RIMERSBURG – “Where did the water go?” That was one of the main questions asked at last Tuesday night’s meeting of Rimersburg Borough Council.
Facing an increase in water use and three suspected leaks somewhere in town, the leaks also threaten to increase costs to the borough. Rimersburg has its water piped in and purchases it from East Brady, while the Rimersburg Municipal Authority then charges its own customers.
Borough maintenance supervisor Frank McNaughton reported the increasing usage in recent months and local investigations suggest at least two possible leaks along with a new leak in the last week.
“I contacted American Leak Detection in Pittsburgh and we had them in 2013,” McNaughton told the council at the Jan. 2 meeting. “They are a little expensive and have a minimum of $750 to come here. They quoted me a price of $1,300 a day and they could probably get about five hours in a day. We found [a leak] today that could be a big one, but we need to bring them up here to pinpoint the leaks.”
Crick said the missing water is expensive and could cost the borough a lot in the long run.
“I did a quick calculation, and what we’ve budgeted is based on leaks and not people dripping faucets. It would cost us an additional $45,000 to East Brady for over what we budgeted if that continues,” said Crick. “That’s how serious it is. $1,300 is cheap.”
Rimersburg has had Pennsylvania Rural Water Association come in to look for leaks a couple of times, but they have not found anything. McNaughton checked with American Leak Detection and it could not do anything until next Tuesday because they were too busy.
“My suggestion would be to get them up here for tomorrow, and if they don’t find anything more than the three leaks, we get them fixed and see how much can be covered tomorrow (Wednesday),” said McNaughton.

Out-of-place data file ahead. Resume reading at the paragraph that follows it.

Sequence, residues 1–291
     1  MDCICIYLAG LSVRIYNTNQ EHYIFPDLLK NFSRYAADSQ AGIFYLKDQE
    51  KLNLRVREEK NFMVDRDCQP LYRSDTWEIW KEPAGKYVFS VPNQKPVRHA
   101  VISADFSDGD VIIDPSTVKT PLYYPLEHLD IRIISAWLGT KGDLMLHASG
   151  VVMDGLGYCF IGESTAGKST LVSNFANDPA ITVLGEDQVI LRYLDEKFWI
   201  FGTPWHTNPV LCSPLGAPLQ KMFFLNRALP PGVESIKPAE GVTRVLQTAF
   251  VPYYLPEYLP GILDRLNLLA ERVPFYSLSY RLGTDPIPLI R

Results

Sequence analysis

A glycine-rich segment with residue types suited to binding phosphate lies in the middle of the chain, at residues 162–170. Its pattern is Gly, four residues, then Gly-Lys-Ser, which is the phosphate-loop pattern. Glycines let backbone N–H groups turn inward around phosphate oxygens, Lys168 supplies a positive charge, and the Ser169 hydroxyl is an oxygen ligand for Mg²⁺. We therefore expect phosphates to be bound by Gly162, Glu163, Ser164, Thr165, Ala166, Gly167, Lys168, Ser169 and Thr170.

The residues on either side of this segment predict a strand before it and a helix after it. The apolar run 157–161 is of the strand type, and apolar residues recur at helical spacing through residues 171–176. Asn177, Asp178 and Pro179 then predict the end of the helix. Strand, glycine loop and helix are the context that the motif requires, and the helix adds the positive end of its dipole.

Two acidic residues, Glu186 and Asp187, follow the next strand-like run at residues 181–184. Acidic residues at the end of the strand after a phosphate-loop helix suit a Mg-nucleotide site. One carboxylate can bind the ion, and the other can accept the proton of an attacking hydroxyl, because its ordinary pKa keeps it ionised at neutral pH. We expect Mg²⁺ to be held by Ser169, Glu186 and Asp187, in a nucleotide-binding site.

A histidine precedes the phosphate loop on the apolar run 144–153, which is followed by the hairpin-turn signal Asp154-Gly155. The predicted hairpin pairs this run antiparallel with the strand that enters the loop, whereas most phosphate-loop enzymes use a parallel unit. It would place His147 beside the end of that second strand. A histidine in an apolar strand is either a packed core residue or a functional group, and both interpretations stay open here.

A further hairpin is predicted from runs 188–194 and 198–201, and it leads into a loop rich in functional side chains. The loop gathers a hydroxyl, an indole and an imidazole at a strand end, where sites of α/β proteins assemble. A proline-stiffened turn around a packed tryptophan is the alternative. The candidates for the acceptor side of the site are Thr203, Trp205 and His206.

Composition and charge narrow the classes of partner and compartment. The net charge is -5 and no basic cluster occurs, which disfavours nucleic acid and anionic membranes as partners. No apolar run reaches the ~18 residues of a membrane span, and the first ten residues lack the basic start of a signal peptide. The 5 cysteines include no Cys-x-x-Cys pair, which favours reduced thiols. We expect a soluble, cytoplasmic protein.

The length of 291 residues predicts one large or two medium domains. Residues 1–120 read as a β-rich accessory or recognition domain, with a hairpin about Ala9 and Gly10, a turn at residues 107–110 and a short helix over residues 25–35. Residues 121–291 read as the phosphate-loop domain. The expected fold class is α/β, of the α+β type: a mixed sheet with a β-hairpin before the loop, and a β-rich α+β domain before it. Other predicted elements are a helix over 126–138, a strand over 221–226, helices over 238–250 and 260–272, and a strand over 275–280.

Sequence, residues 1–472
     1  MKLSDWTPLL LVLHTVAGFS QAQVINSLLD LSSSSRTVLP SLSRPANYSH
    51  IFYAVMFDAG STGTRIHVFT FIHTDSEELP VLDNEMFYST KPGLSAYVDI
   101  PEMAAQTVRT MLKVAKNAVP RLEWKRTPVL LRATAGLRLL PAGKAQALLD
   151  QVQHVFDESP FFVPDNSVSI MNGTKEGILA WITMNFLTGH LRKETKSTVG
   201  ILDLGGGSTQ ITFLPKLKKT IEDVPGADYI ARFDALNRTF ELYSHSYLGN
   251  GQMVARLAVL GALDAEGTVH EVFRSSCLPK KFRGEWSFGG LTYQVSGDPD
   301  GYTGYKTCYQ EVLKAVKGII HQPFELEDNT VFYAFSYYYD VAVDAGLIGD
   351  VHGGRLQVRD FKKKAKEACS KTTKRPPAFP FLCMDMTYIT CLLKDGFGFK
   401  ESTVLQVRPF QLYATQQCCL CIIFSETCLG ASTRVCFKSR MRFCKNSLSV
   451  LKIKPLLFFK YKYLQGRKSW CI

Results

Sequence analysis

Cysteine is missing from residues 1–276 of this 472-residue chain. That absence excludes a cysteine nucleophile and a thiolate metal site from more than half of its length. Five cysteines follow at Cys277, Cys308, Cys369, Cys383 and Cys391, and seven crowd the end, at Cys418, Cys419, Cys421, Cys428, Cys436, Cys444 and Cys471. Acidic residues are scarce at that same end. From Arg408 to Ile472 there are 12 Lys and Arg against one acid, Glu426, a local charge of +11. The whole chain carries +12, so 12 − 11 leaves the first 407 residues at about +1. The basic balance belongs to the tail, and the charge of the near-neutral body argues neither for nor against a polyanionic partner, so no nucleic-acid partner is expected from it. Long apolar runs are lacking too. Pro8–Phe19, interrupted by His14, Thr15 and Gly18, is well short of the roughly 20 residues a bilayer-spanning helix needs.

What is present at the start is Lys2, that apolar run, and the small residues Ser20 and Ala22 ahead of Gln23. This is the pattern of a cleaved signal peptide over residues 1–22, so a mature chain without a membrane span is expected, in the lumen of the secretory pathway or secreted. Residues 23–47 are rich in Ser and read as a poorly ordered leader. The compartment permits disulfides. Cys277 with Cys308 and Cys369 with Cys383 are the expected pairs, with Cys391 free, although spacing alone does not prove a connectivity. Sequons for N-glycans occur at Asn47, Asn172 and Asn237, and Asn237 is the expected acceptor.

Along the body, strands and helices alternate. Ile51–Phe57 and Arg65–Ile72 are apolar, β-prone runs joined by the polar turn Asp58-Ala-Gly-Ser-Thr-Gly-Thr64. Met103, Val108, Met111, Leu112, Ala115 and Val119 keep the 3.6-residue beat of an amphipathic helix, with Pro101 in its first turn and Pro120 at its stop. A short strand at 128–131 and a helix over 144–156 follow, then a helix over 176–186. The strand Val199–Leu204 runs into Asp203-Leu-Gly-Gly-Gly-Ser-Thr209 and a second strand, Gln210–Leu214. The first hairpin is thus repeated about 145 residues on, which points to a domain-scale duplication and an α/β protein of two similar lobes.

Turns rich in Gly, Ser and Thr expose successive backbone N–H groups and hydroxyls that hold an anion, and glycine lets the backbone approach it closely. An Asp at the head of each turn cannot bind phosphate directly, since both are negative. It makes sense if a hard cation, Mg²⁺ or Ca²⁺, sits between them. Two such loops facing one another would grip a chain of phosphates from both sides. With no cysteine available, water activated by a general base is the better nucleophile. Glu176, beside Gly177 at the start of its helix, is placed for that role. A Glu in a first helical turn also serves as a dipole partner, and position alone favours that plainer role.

Council gave consensus for the decision.
“See where your usage is after their visit and get them fixed,” said Crick.
“You’re fighting a battle you’re never going to win because now you’ve got frost and it’s moving everything,” said councilman T.L. Stewart.
Council also held its biannual reorganizational meeting last week, with mostly reappointments.
Crick was nominated to serve again as president and he accepted, noting that he had hoped someone else would step forward. Lark Palm was also reappointed vice president. Council members include Pamela Curry, Mark Deeter (new), K. Scott Myers, Palm, Dan Stewart (new and unable to attend), and T.L. Stewart. Mayor Ken Corle was present to swear in new members and those who were re-elected.
Other reappointments included Patty Alworth to the Rimersburg Borough Municipal Authority, Tom Curry to the Zoning Hearing Board, Northwest Savings Bank as depository, Bill Hager as solicitor, Don Hosey as emergency operations coordinator, and Kyle Fritz of the EADS Group as borough engineer.
Although a representative of the Southern Clarion County Regional Police Department did not attend the meeting last week, which was held on a different day than usual due to the start of the year, the council had several questions regarding police operations.
Council previously asked police to enforce more of the borough ordinances, but one council member had questions after he received a ticket and letter regarding snow on his home’s sidewalks.